Fun as Snowglobe's live show is, the band's debut album, Our Land Brains (Bardot Records; Grade: A-), is even better. With their Elephant 6-ish brand of neo-psychedelic rock, the band (singer/guitarist/piano players Brad Postlethwaite and Tim Regan, bassist Brandon Robertson, and drummer Jeff Hulett) has been one of the most enjoyable outfits to emerge on the local music scene over the last year or so and could be said to be the centerpiece act of an incestuous and promising young rock scene that includes the Great Depression, the John Murry Band, Brad Bailey, Loggia, and Johnny Romania, among others. But, on record, Snowglobe gets to include all the additives not always possible in live gigs: horns, strings, big, swooning background vocals, and other bells and whistles.
Most of the group's songwriting is divided equally between Postlethwaite (one of the founders of the local record label Makeshift) and Regan (who previously home-recorded under the moniker Liftoff), who collectively produce a vision of '60s rock only possible from kids with well-curated record collections --heavy on echoes of the Beatles and the Beach Boys.
Our Land Brains is a record that feels homemade in all the right ways -- lovingly crafted, lived-in, spontaneous, and extremely welcoming, not merely tossed off. When you hear Regan clear his throat early on the anthemic "Dreamworks," it doesn't sound like careless recording; it sounds warm and intimate. And the record's gentle, wide-eyed vibe never descends into mush-headed hippieisms; Snowglobe makes lyrics -- "The search for you has just begun/I'm sure that there's meaning in this feeling/Slip away from all you've known/Swim out in the distance/Catch a ride on the furthest star" -- sound more like Van Morrison's visionary mysticism than Tiny Tim tiptoeing through the tulips.
As songwriters, Regan and Postlethwaite battle to a complementary draw, with Postlethwaite's epic yet personal "Big City Lights" and Regan's rollicking, surging love song "Muse" as highlights. And the whole record is littered with musical grace notes, like the dueling, carnivalesque pianos and sleigh-bell percussion that lead off "Beautiful." Ultimately, there hasn't been a local record this adventurous and playful since, well, Shelby Bryant's Cloud-Wow Music, which also managed the difficult task of being dreamy without being precious.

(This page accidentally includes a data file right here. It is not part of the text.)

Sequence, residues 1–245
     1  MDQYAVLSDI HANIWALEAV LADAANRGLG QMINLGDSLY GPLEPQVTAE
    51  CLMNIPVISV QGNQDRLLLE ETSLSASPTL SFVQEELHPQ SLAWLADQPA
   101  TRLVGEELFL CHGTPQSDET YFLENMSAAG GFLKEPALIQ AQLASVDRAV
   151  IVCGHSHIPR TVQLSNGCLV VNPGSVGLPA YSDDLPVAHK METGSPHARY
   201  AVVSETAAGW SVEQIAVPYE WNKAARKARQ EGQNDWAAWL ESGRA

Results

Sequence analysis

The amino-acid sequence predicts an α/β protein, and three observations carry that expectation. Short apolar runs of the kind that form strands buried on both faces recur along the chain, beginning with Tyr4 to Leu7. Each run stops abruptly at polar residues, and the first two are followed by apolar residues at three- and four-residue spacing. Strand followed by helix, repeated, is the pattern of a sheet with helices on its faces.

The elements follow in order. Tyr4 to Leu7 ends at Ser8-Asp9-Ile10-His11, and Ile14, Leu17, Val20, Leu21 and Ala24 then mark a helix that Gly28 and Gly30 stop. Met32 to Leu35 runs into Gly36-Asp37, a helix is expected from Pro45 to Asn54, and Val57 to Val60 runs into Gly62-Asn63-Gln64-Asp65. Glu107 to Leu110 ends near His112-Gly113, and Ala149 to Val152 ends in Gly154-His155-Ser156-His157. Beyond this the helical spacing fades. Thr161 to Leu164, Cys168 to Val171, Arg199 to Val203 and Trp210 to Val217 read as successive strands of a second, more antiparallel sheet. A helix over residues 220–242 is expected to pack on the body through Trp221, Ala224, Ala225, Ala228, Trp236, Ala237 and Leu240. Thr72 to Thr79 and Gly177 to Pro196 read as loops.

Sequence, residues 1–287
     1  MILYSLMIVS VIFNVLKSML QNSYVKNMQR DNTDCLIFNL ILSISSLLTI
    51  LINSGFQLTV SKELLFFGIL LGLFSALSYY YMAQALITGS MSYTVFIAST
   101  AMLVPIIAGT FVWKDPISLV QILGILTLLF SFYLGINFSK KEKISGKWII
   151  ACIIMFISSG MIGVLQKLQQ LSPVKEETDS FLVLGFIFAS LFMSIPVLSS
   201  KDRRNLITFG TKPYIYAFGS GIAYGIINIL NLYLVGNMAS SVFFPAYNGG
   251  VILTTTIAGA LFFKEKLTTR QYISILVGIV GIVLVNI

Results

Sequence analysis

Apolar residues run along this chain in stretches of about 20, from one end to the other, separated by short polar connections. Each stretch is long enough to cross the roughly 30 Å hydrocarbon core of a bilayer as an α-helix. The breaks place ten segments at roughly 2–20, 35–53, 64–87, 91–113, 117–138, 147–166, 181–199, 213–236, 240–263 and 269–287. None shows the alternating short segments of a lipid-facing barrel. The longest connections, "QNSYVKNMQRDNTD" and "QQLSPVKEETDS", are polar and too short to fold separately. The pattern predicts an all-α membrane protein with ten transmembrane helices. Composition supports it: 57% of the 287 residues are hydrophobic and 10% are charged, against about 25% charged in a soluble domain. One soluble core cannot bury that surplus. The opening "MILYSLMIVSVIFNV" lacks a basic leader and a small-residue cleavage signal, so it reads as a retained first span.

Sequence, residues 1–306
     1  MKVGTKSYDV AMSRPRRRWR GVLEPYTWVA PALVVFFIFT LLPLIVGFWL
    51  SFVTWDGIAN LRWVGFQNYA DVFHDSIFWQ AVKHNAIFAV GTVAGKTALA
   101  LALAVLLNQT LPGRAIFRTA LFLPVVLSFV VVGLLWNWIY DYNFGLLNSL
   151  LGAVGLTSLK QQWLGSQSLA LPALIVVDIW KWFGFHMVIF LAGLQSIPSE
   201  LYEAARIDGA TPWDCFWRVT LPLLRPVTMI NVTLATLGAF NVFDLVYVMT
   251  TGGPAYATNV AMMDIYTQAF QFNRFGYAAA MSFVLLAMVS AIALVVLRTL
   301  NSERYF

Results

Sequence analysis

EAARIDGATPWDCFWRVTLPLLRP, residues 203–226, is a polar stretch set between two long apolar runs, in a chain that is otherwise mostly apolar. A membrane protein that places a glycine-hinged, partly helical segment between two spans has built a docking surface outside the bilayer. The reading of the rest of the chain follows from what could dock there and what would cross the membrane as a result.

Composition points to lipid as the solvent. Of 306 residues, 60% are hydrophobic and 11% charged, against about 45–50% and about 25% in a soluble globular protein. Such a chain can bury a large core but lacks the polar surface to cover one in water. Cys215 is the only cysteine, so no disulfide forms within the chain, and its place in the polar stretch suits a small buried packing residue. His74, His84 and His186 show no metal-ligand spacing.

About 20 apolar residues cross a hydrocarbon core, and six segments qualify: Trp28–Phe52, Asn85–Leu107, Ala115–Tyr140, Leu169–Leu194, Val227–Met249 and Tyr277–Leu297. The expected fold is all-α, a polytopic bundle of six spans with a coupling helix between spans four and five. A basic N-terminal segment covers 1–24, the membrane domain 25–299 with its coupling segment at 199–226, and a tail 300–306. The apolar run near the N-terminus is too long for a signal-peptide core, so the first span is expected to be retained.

Fresh off their Premier Player nomination as one of the city's best bands, The Gamble Brothers Band showcases a style that balances jammy virtuosity with solid songwriting on their debut album, 10 Lbs. of Hum (self-released; Grade: B+). The opening "Blue Beat Years" is Steely Dan informed by funk and soul as much as jazz, though the band just as often evokes other "Brothers" bands such as the Allman Brothers and the Doobie Brothers (not the Chambers Brothers yet, but who knows?).
With a novel lineup of organ (Al Gamble, who also takes lead vocals), bass (Will Lowrimore), saxophone (Art Edmaiston), and drums (Chad Gamble), the band has a unique sound, but it's still a little disappointing to hear the album get away from tight songs and into longer instrumental jams. That stuff can be pretty dull if it isn't your taste (and it certainly isn't mine). Highlights include "Blue Beat Years," the chartworthy "Bring 'Em Back," and a spirited cover of the Motown standard "Don't Do It" (which owes more to the Band's version than Marvin Gaye's, and that's fine by me).